Higher interest rates of course mean higher yields for cash savings. I have reached my limit on I-Bonds. My other cash savings locations have included Ally bank, Vanguard Money Market funds and Treasury Bills. Today I looked at yields to decide about ongoing location for my cash. The yields on are listed below. Note that there are online banks that currently have somewhat higher yields than Ally.
Ally savings account 3%
Ally CD 3 month 1.5%, 6 month 2.75%, 4% for 1 year
Vanguard Treasury MM fund (partially or all state tax free) 3.65%
Treasury Bill (all state tax free) 1 month 4.08%, 3 month 4.3%, 6 month 4.72%, 1 year 4.78%
Treasury Bills are a excellent option for cash that will not be needed for at least 1 month. I did not include Multi-Year Guaranteed Annuities because they have different considerations including a minimal 2 year term.
Considering that the Fed is expected to raise rates by over a point in the next few months…the 1-mo TBill is a good choice. You can roll them into the higher rates as they mature.
I set an alert for two year Treasuries, and yesterday it busted out. The two year kinda predicts where the Fed is headed. Two year yields are falling, the market believes the Fed is close to done hiking. The market is often wrong, but it’s a unbiased indicator.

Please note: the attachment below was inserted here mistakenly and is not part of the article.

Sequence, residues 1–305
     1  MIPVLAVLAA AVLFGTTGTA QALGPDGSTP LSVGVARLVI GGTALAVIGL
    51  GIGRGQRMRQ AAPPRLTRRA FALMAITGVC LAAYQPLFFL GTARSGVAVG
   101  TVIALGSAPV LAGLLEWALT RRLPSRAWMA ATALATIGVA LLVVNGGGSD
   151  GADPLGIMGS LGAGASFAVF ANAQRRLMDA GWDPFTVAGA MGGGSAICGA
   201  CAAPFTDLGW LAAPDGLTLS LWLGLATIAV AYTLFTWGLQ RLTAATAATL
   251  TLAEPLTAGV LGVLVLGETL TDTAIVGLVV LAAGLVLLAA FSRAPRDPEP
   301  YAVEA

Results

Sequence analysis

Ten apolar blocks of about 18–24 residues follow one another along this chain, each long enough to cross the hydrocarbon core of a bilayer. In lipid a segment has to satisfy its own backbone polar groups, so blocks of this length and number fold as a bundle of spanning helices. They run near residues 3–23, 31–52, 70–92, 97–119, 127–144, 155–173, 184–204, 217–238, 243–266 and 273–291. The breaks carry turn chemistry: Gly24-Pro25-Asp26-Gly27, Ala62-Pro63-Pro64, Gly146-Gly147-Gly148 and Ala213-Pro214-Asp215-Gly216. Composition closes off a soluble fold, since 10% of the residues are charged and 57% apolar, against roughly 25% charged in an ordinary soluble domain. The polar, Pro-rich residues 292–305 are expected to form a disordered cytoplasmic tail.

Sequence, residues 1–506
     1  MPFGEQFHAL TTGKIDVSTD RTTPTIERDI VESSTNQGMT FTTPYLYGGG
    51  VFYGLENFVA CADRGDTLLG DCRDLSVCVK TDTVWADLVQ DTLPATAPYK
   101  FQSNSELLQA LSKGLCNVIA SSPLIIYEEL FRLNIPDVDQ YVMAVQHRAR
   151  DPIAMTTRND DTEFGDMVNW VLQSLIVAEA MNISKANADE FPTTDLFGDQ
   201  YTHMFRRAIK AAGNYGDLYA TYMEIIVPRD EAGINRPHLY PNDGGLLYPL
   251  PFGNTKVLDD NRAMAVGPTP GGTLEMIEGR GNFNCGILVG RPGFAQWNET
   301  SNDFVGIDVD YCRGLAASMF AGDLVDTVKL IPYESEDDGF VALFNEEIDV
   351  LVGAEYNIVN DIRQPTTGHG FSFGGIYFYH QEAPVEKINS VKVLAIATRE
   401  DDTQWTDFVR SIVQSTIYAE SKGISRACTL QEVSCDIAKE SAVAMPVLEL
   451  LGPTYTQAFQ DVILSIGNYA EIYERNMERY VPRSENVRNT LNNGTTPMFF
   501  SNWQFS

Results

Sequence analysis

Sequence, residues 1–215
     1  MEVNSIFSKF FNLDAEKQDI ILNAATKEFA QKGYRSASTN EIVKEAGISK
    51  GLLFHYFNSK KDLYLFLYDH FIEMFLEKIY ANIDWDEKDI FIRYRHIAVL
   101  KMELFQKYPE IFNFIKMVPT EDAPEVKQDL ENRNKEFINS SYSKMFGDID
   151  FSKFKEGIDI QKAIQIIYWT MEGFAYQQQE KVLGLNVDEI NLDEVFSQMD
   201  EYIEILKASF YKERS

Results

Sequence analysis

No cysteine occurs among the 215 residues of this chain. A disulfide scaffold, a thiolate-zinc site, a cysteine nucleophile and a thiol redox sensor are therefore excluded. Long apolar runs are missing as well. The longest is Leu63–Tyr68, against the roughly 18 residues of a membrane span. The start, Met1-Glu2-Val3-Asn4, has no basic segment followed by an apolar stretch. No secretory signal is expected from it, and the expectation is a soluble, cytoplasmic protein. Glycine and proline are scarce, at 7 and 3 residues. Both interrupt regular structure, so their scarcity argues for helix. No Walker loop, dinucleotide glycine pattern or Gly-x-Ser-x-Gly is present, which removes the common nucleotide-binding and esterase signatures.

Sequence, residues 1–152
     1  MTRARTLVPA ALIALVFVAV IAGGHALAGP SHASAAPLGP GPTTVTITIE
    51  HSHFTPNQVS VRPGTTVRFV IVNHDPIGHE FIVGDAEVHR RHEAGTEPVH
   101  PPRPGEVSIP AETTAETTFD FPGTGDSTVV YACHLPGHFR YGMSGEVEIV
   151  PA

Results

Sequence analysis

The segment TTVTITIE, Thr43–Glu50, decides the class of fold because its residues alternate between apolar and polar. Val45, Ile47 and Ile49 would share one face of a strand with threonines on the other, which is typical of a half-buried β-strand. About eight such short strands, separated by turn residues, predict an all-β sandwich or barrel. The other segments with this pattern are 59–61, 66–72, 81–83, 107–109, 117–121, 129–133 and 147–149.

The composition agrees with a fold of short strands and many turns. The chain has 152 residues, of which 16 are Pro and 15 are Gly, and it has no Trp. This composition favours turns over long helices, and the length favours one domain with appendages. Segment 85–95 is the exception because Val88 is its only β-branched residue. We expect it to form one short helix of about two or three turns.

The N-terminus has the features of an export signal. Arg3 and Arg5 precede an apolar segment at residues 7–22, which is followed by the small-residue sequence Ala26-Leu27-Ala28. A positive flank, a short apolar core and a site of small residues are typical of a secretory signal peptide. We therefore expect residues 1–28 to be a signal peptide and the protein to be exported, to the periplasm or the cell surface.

I think Kathy Jones at Schwab is right, start locking in yields on longer duration bonds and CDs now.
The yield curve is inverting hard and harder. Really portends a 2023 recession. This stock market rally could be a bear market rally. As a trader, I want to chase it with a small part of my portfolio, but I still have a lot of T-BILLS.
Thanks butler and ochotona for your comments about rates leveling off. It is difficult to be precise as to when a reduction in the Fed rate will occur. Some point out that Treasuries also have the flexability to be sold on the seconday market with relatively small trading costs.
Wonder what inflation rate for I bonds will be next May though. You can get 6.89% annualized rate right now. Even if the rate dips to 4% next May, that is still over 5% averaged rate for a whole year. Of course, many of you have reached your I bond limit for 2022. Can buy another $10K in January 2023, so less than a month now.
I have my calender set for an early January purchase. Hopefully the Treasury Direct site will not get overwelmed again.
Capitol One CDs are 5 percent for 11 months. Would that be better than Treasury Bills?